Finland’s Lapland has undergone a major structural transformation whereby state and municipal employment has fallen but private sector employment has increased significantly. The fact that the region’s economy is now being driven by the private sector is a great source of strength for Lapland, according to Esko Lotvonen, Chairperson of the Regional Council of Lapland.
Lapland’s private sector has grown in several sectors, for example in tourism, trade, various services and construction. According to Lotvonen, the region’s growth sectors in the future will also include the nature-based experience industry, cold technology and environmentally sustainable mining activities. The development of the experience industry is already in full flow, while the cold technology and testing activities are obviously helped by the fact that Lapland’s arctic climate makes it an ideal natural laboratory.
Lapland’s universities are producing professionals to manage the Arctic environment and to meet the needs of the experience industry and cold technology sectors. Lotvonen believes that in the near future there will also be demand for more specialists from outside the region in the most dynamic sectors.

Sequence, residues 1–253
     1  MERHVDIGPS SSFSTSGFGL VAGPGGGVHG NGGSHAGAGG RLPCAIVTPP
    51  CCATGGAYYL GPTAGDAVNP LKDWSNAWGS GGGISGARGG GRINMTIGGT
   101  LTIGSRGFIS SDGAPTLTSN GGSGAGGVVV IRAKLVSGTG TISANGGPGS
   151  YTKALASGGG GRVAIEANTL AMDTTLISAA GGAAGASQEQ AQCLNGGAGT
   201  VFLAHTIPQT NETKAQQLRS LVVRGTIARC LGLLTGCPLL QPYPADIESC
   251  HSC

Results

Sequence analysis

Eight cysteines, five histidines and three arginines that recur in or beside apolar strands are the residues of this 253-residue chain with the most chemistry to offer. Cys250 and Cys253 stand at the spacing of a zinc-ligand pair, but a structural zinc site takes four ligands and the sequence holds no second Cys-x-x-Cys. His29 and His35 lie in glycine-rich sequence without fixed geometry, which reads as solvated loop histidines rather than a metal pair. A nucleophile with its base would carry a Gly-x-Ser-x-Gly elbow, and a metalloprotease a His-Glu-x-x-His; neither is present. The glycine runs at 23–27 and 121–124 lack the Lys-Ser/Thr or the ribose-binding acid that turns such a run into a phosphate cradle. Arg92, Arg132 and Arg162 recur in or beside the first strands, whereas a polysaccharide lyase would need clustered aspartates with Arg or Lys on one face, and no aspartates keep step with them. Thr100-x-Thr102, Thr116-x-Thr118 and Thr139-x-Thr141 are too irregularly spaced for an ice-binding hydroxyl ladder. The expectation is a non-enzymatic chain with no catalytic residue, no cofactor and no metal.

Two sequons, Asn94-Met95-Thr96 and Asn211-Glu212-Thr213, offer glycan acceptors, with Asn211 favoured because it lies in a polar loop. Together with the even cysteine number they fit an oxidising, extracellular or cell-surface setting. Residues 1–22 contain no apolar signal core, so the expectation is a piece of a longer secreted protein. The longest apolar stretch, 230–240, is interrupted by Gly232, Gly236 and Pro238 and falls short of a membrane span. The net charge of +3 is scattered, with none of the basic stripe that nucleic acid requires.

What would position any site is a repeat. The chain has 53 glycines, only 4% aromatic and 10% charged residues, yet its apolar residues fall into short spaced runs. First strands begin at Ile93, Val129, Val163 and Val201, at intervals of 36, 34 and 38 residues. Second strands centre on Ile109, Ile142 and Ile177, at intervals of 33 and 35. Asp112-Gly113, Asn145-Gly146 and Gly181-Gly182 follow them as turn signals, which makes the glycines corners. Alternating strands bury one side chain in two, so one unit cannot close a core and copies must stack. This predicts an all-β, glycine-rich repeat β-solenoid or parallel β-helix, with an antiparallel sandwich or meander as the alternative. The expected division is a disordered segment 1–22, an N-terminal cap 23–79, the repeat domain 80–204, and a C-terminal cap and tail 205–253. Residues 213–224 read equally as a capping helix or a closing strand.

During the past ten years EUR 10 billion has been invested in construction in the Ylläs and Levi areas, which attract major tourism flows, with 96% of the money coming from private sources. Lotvonen views this strong private commitment to Lapland’s economy as a vote of confidence in the future of the region and the long-term sustainability of the investments.
He believes that Lapland’s tourism industry will still grow significantly in the future, with more and more Europeans heading north for their holidays. Cooperation and joint marketing with Northern Norway and Northern Sweden is essential as everyone can benefit from the larger market area, according to Lotvonen.
Finnish Lapland currently has three active mining operations, with several more in the works. Europe’s gas and oil production looks set to focus on the Barents Sea and Arctic Ocean, which will also boost the region’s economy. New roads and railway lines are already being talked about.
Lapland has enough space for both tourism and natural resource industries, and the Lapland brand should not be reserved for any single purpose, according to Lotvonen.
Source: Kunnallisalan kehittämissäätiö